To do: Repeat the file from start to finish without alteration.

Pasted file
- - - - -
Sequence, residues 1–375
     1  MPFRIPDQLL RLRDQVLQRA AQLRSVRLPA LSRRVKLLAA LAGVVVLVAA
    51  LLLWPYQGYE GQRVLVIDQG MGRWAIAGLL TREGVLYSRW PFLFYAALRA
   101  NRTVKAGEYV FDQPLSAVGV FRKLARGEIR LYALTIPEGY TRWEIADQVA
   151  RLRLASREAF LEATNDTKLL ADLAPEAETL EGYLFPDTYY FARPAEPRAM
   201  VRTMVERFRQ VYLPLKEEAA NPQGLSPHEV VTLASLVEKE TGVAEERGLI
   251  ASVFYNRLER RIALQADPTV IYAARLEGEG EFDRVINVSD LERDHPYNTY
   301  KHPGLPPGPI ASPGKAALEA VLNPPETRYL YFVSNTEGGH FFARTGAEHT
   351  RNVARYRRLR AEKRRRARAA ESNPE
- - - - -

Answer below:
Sequence, residues 1–375
     1  MPFRIPDQLL RLRDQVLQRA AQLRSVRLPA LSRRVKLLAA LAGVVVLVAA
    51  LLLWPYQGYE GQRVLVIDQG MGRWAIAGLL TREGVLYSRW PFLFYAALRA
   101  NRTVKAGEYV FDQPLSAVGV FRKLARGEIR LYALTIPEGY TRWEIADQVA
   151  RLRLASREAF LEATNDTKLL ADLAPEAETL EGYLFPDTYY FARPAEPRAM
   201  VRTMVERFRQ VYLPLKEEAA NPQGLSPHEV VTLASLVEKE TGVAEERGLI
   251  ASVFYNRLER RIALQADPTV IYAARLEGEG EFDRVINVSD LERDHPYNTY
   301  KHPGLPPGPI ASPGKAALEA VLNPPETRYL YFVSNTEGGH FFARTGAEHT
   351  RNVARYRRLR AEKRRRARAA ESNPE